Glenn has been gone 4 years today. We miss you, Glenn. And, contrary to what you’d thought, you are not forgotten.
Mom’s biopsy is today. I was thinking of going, but Mom says there wouldn’t really be anything to do – just go and wait for her to finish.
I’ll stay here and do some maintenance on the house instead. I am digging around the rear of the house to stop the house itself from sitting on the ground and to replace the rotten wood that had most likely been there since the house was placed here. Lots of work.
No word from the lawyer yet about Father’s estate. I wonder how long this is going to take. He did say it may take upwards of a year, so I wait patiently. I called today to get an update, and his secretary said he’d call me back at 11:30AM, but no word.
Aunt Isobel is going to take Uncle Al’s ashes to Manitoba to the Johnston plot. I would like to take Father’s ashes there, too, but I haven’t the funds to get there. No work yet, and the price of fuel has gone up considerably lately. It’s now $1.35 / litre.
I’ve put my portfolio online. See one of my other webs, allansplace.net, to have a look. As time goes on, I’ll put more work on and fine-tune other work. As it is now, I’ve got Architectural and Civil work there. There’s still a lot more to put on yet.
I gave Mom three roses for Mother’s Day a few days ago – two red for Aizlynn & I and one peach for Glenn. She’s often said that one rose is just as nice as a dozen; it’s the thought that counts. And, being Mom with three kids, I thought 3 roses would be nice.
OA, a coffee and college buddy, has made noises for a few months about getting his driver’s license but lacks a car to practise on. His friends work and have little time to help him, so I’ve had him practise in my car. We’ve gone out 3 times and need one more. His test is next Tuesday.
So I’m at a late supper with a couple of friends from college, K & A, and somewhere along in the conversation the idea of mixed ethnic origins comes up, as it sometimes does.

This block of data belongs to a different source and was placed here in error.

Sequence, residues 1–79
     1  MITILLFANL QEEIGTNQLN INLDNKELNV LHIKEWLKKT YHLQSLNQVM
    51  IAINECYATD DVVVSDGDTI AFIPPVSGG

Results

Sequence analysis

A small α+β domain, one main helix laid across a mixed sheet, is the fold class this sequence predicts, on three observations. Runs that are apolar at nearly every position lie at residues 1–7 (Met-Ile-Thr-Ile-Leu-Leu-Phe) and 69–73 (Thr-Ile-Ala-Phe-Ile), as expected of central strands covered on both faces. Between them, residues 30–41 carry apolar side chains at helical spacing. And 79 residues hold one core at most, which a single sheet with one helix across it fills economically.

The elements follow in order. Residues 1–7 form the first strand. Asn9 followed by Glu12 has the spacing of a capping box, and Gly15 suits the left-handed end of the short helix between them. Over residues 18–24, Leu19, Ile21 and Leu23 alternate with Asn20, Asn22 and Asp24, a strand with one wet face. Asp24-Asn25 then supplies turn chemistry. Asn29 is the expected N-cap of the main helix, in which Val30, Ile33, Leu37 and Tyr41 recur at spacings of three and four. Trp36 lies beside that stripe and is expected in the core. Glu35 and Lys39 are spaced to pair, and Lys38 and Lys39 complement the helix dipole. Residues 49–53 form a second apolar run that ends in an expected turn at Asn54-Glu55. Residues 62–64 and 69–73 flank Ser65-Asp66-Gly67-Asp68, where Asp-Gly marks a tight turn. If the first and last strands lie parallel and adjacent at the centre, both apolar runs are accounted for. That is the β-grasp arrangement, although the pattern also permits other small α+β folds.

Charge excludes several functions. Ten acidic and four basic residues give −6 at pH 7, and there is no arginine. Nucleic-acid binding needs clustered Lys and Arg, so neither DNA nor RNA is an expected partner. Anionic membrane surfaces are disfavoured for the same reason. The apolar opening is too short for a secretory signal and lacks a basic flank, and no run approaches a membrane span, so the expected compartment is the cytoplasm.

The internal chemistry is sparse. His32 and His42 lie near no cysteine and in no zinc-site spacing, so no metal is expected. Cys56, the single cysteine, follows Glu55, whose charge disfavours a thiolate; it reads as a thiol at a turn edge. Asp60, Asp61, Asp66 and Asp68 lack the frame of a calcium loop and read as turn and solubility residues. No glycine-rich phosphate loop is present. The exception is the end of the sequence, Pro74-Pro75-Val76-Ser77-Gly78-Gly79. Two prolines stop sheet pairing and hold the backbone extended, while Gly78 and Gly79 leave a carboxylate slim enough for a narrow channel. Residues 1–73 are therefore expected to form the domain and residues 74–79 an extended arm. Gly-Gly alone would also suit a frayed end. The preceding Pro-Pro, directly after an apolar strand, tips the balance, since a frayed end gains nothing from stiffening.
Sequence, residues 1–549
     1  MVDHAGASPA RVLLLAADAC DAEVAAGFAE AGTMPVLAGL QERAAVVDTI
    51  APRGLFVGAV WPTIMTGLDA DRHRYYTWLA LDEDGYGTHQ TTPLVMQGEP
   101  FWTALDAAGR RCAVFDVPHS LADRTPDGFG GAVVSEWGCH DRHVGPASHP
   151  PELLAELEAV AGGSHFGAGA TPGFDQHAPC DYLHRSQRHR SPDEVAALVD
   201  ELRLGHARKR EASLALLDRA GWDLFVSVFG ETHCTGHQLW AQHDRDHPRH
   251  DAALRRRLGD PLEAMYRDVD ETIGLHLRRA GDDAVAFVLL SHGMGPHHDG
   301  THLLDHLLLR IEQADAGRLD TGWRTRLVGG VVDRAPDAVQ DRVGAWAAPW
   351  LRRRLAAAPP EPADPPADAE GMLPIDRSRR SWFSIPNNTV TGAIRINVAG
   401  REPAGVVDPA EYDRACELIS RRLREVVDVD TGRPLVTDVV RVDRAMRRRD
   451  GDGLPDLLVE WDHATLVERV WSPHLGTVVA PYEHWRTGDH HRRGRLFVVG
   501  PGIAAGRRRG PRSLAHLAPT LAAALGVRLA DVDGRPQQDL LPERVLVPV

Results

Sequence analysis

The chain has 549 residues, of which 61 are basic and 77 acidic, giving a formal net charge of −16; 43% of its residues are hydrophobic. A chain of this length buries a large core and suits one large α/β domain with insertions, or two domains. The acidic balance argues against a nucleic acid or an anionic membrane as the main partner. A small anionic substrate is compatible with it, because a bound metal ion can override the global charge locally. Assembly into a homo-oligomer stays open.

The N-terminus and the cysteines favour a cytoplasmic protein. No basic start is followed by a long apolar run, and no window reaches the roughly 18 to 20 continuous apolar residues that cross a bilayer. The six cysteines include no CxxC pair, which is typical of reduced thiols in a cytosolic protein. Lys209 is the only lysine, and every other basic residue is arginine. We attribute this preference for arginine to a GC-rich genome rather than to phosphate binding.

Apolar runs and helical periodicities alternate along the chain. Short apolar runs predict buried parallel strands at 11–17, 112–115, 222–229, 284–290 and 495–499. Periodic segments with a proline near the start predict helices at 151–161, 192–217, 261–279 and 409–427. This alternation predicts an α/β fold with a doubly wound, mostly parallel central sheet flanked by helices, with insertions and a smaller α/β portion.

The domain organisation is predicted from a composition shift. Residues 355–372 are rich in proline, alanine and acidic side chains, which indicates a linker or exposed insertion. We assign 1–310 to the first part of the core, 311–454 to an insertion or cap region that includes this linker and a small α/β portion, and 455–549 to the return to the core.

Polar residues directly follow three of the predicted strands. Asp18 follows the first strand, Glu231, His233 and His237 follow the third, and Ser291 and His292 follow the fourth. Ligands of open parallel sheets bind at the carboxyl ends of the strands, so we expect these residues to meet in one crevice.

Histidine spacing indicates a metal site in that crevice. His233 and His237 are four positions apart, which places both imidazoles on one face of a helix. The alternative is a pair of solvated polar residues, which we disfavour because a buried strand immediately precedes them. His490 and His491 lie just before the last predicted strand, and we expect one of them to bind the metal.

I asked K what if he and his wife have chosen a name for their new child arriving in Sept / Oct this year. (S)he will have two names – an English first name and a Korean middle name. “You can have two last names, too, if you want,” A says. “Passports from each country will have that nation’s family name.” Well how do you know this? I never knew that.
Later, we were talking about jobs, living in other countries (A wants to study in Germany after college here). A family ancestor was the USA. I suggested getting his Green Card, like me. It was then that he confessed that he already has dual citizenship. “What? Where? Seriously?”
So it was sometime around then that he confessed. As it turns out, the only other white guy (i.e. “Caucasian Canadian”) in the group spills the beans about not actually being a white guy. Yup, he’s half white Canadian and half Taiwanese. He speaks Mandarin and grew up in Taiwan and Canada. Taiwanese Mom & Canadian Dad.
I was 90% surprised. Why? I knew since I met him that he’d had an accent. Not a regional dialect, not a 2nd-generation ethnic accent, but a first-hand mixed-origin accent, like 5~10%. I could never pin it on any region outside the general area of Asia, never down to one country.
He’d kept it a secret all this time because, I gather, he likes to surprise people and also, I think, finds it a cause of disruption of normal interaction. He only tells those he has known for a while. He told K & C (Koreans) but never me! So I said during supper that I’m actually the only white guy in the group – a minority. A reminded me that I am mistaken – that I’m half Korean, too.
Right. Almost forgot, being around all these white people. Haha!
I feel honoured that I’m counted among this trusted friends.
(By the way – I’m not Caucasian. I’m white. Caucasians come from the Caucasus region in Eastern Europe / Western Asia. Look it up. And yes, I eat crackers.)
I didn’t actually get to Saskatchewan or Manitoba. I went to BC instead. I heard Father was in hospital again. He’d had a seizure a few days previous but was home from hospital the same day. When I got there this time, he was just going in for routine preparation for more radiation on his tumour. They kept him in for a few days and was still there when I left.
I’d intended to be on my way the next morning but wasn’t able to. Someone I planned to meet wasn’t available until late in the day, so I didn’t leave Chilliwack until after 5pm.
It looks like I won’t be making it to Manitoba after all – at least not this time around.